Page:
Excel Interesting Facts

 

You Should know Excel Interesting Facts

Excel Was Born on 30-Sep-1985

Yes, the program that has served as the foundation for my paycheck for over 15 years was saved to a Master Disk and rushed to market on this day in 1985. Given the impact Excel has had on the way the modern world works with data, it should be a global holiday. But I suspect this day will go unnoticed by almost all of Excel’s 1.2 billion users.

DID YOU KNOW…?

Second Real Facts of Excel The father of Excel is widely considered to be this man. Douglas Kundler. In 1981, Kundler joined Microsoft straight out of MIT and served as the Lead Developer for Excel. It’s estimated that he wrote a third of the original code himself, including the revolutionary “intelligent recalculation” paradigm. Intelligent Recalculation allowed Excel to recalculate only those cells affected by user changes. This gave Excel a huge advantage over Lotus 1-2-3 in terms of processing speed.

 

 

 

EXCEL First Version

Excel 1.0 was largely based on Microsoft’s graphical Multi plan spreadsheet application and a Charting application it developed for the MAC. – Excel Interesting Facts

 

Excel could be Name as Master Plan or Mr.Spreadsheet

-Microsoft settled on the name “Excel” for the final product, but other proposed names were put forth – including “Master Plan” and “Mr. Spreadsheet” but finally they Decide to continue with Name Excel –  this is really Interesting Facts of Excel

 

Some of Excel Features We are taking Granted

Some of the Excel features we take for granted today, were actually included in Excel 1.0 just because they seemed like a nifty thing to do. At the time, features like Paste Special, Print Preview, and Array formulas were considered to be obscure features added as “bells and whistles”.

Pivot Table Lovers Must know this

The beloved PivotTable was not in the first version of Excel. In fact, the idea for pivot tables didn’t come from Microsoft at all. Lotus developer Pito Salas invented the Pivot Table paradigm, helping Lotus develop and launch their IMPROV application in 1991. Users loved IMPROV immediately. Unfortunately for Lotus, so did their competitors. Both Borland and Microsoft immediately went to work implementing their own versions of IMPROV. Borland implemented a tool called DataPivot into their Quattro Pro application, while Microsoft implemented PivotTables in Excel 5 (1993).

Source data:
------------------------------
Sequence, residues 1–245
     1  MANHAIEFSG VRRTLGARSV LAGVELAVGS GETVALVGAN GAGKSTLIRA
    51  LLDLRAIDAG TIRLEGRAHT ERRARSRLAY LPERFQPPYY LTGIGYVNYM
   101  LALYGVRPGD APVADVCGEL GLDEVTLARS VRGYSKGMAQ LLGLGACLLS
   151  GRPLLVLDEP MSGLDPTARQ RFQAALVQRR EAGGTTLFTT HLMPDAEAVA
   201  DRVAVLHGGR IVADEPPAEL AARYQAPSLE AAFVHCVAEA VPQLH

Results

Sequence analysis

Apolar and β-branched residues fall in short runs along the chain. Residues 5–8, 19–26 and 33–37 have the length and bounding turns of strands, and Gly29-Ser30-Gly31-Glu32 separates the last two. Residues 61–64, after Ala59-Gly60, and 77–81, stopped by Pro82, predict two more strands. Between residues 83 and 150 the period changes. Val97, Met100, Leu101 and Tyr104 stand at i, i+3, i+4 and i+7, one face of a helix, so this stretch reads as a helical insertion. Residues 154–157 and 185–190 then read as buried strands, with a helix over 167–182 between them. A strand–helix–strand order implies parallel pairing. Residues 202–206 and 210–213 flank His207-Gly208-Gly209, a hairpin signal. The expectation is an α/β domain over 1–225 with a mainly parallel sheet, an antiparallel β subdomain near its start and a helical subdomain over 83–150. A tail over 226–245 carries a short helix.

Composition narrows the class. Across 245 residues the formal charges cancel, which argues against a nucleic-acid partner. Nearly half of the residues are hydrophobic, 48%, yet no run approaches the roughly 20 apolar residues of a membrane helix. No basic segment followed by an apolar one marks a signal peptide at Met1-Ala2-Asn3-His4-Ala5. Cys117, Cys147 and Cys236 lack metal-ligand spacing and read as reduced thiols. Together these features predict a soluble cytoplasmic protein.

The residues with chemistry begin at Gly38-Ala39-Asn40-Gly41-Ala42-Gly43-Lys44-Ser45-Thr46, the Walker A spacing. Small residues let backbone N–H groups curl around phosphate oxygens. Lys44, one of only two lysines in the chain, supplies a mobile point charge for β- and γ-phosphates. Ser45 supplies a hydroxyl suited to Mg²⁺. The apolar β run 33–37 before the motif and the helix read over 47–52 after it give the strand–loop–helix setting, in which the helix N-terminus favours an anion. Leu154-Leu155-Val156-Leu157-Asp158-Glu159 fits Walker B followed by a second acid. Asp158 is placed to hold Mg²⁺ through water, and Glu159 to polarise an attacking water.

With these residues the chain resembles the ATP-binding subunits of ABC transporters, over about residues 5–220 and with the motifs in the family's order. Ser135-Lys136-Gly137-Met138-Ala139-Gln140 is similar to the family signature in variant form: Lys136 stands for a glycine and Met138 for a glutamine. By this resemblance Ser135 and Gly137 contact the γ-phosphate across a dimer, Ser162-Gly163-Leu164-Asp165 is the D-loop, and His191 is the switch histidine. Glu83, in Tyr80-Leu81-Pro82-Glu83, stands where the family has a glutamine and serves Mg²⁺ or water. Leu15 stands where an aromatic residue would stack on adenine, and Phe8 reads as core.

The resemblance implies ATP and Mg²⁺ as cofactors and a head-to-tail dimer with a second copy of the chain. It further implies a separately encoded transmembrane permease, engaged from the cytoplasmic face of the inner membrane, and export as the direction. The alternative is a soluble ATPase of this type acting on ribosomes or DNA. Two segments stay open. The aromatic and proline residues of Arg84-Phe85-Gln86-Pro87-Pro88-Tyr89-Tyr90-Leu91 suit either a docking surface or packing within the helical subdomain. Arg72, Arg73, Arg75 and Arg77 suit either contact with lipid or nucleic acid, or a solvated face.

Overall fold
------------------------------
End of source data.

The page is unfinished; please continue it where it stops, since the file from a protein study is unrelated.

Microsoft released Excel in 1985

When Microsoft released Excel in 1985, they entered into an exclusivity contract with Apple promising not to release a PC version of Excel for two years. In exchange, Microsoft would get the code details for many of the MAC’s system features. PC users would not see Excel until 1987 when Apple’s two-year contract expired. Before 1987, PC users were stuck with the DOS version of Multi plan.

 

Lotus 1-2-3 was never ported to the MAC.

Instead, Lotus decided to develop a new spreadsheet program for the MAC called Jazz. In fact, it was the threat of Jazz that forced Microsoft into the strategic decision to release Excel on the MAC instead of their own DOS system. In the end though, Jazz was steamy turd that nobody liked. It failed miserably, making Excel the clear winner on the MAC. Most tech history geeks believe that if Lotus would have just ported 1-2-3 immediately to the MAC instead of diddling with Jazz, we very well could be celebrating 30 years of LOTUS right now.

Gabe Newell

Microsoft hired its very first QA Tester during the development of Excel (Gabe Newell, now a millionaire and co-founder of Valve Software.) Before that, developers would test their own applications. Gabe is shown here in the typical IT polo shirt complete with grease stains down the front.

Excel features we take for granted today

Some of the Excel features we take for granted today, were actually included in Excel 1.0 just because they seemed like a nifty thing to do. At the time, features like Paste Special, Print Preview, and Array formulas were considered to be obscure features added as “bells and whistles”.

 

Excel 3.0 (1991) was the first application to use the modern toolbar. This would become a standard for many desktop applications for years.

The beloved PivotTable was not in the first version of Excel. In fact, the idea for pivot tables didn’t come from Microsoft at all. Lotus developer Pito Salas invented the Pivot Table paradigm, helping Lotus develop and launch their IMPROV application in 1991. Users loved IMPROV immediately. Unfortunately for Lotus, so did their competitors. Both Borland and Microsoft immediately went to work implementing their own versions of IMPROV. Borland implemented a tool called DataPivot into their Quattro Pro application, while Microsoft implemented PivotTables in Excel 5 (1993).

 

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Comments

    Ramesh shetty

    (December 15, 2017 - 2:47 pm)

    I like your web and blog, hope get more knlowledge from you thanks a lot

      learnmore

      (December 15, 2017 - 8:16 pm)

      THANKS RAMESH

    BHAVESH

    (December 16, 2017 - 1:54 pm)

    Its relly interesting facts

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